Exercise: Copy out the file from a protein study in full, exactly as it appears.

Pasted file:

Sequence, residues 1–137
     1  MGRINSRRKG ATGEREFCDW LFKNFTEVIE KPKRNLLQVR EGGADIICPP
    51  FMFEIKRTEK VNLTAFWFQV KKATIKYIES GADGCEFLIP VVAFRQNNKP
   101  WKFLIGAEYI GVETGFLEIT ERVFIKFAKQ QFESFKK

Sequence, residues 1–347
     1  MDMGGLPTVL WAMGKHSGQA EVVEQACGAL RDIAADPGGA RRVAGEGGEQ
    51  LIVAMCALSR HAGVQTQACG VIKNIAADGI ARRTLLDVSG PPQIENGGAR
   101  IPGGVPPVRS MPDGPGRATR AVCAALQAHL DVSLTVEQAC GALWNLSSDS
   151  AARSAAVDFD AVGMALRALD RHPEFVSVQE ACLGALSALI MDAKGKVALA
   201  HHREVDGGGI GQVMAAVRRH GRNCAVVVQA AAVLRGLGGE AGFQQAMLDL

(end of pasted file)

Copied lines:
Sequence, residues 1–137
     1  MGRINSRRKG ATGEREFCDW LFKNFTEVIE KPKRNLLQVR EGGADIICPP
    51  FMFEIKRTEK VNLTAFWFQV KKATIKYIES GADGCEFLIP VVAFRQNNKP
   101  WKFLIGAEYI GVETGFLEIT ERVFIKFAKQ QFESFKK

Sequence, residues 1–347
     1  MDMGGLPTVL WAMGKHSGQA EVVEQACGAL RDIAADPGGA RRVAGEGGEQ
    51  LIVAMCALSR HAGVQTQACG VIKNIAADGI ARRTLLDVSG PPQIENGGAR
   101  IPGGVPPVRS MPDGPGRATR AVCAALQAHL DVSLTVEQAC GALWNLSSDS
   151  AARSAAVDFD AVGMALRALD RHPEFVSVQE ACLGALSALI MDAKGKVALA
   201  HHREVDGGGI GQVMAAVRRH GRNCAVVVQA AAVLRGLGGE AGFQQAMLDL